· “Can anyone help me think of some good things that you can put into your brain?” (Take responses. If the kids need help, try to steer them toward things like Scripture, positive thoughts, encouragement/praise, positive music, learning, worship, thinking about God…)

· “Great, that’s exactly what I’m talking about!”

· “I also have some food coloring up here, and it represents some bad things you can put into your brain.”

· “Who can help me think of some bad things that we could put into our brains?” (Take responses. If the kids need help, try to steer them toward things like profanity, gossip, lies, music with bad lyrics, the Lord’s name used in vain, mean thoughts, self-defeating or limiting talk, hurtful talk, movies or TV with bad scenes, bad pictures, jokes with inappropriate themes…)

· “Exactly! We’ve got to watch out for that kind of stuff!”

· “For this demonstration, I’m going to need a volunteer. Who would like to come help me?” (Select volunteer.)

· “Okay, notice how clear this water is. It’s like our minds the way that God first created them – pure and beautiful.”

· “Let’s say that we are really careful, and we only allow good things into our brain.” (Have volunteer pour some water into container from one of the pitchers.)

· “See what happened? We got more brain!”

· “Okay, it doesn’t work exactly like that, but let’s say that this is like gaining wisdom.”

· “When we add good things, like Scripture, positive thoughts, encouragement/praise… we grow in wisdom and knowledge, and our mind stays clear and clean.”

· “But what if we aren’t so careful, and we allow in some jokes that are hurtful to other people.” (Have volunteer squirt a drop of food coloring into the water in the container. Then pause to allow the children to see the effect. Just one drop of food coloring will spread and spread throughout the water until it has tinted the whole thing.)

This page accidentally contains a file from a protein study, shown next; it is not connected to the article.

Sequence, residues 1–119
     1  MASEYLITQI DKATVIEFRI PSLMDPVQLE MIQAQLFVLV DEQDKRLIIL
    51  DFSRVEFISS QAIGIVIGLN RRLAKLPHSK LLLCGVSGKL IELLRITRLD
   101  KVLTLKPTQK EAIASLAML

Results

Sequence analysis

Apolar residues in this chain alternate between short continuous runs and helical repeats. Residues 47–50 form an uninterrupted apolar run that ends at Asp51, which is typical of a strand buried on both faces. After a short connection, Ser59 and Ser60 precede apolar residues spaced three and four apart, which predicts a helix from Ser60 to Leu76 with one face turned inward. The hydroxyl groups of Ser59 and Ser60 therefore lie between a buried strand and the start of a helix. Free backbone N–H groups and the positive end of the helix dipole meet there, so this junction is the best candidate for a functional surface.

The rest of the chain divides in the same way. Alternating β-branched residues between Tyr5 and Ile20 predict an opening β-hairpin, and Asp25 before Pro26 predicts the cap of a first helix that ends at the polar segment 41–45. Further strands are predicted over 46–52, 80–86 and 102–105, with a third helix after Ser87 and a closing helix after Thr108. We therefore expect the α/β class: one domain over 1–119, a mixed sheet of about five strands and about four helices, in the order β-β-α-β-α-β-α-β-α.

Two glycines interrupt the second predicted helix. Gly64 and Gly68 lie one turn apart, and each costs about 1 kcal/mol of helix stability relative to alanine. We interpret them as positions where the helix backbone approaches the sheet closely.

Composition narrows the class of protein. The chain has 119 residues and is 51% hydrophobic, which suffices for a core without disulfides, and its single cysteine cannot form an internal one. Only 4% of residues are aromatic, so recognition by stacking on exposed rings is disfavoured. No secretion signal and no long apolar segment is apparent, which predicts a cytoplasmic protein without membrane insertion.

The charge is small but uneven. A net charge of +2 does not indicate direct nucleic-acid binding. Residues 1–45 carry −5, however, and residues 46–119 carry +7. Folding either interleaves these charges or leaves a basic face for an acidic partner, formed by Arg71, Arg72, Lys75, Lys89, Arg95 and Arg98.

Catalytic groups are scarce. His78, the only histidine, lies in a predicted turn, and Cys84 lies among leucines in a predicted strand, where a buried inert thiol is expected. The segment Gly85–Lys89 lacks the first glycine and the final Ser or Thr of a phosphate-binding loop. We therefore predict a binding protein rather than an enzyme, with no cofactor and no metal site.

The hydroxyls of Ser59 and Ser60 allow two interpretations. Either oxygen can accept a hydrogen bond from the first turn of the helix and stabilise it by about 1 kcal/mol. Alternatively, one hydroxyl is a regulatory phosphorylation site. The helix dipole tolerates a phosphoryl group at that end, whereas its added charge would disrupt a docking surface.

· “Wow! Did you see that? Just that one little drop of bad stuff changed the whole color of the water.”

· “And what if we still aren’t so careful, and we allow in some inappropriate pictures (have volunteer add drop) …and profanity (add drop) ….and music with negative lyrics (add drop) …and some negative self-talk about what a loser we are or how stupid we are at math (add drop).”

· “Look what happens then. Our minds are getting darker and darker.”

· “What should we do about that?” (Listen to responses. When someone suggests to add more good things, continue.)

· “Right! Exactly! We need to add more good stuff – more Scripture and positive thoughts and godly advice from our parents…Romans 12:2 says that we should stop doing what the rest of the world does and start being transformed by renewing our minds. That’s the same thing as adding in the good stuff.” (Have volunteer pour in more water.)

· “But do you see the problem I’m seeing?” (Listen for responses.)

· “The water (our minds) are not going back to clear again. We are diluting the bad stuff, but it’s taking a lot more water than it did food coloring to improve our mind here.”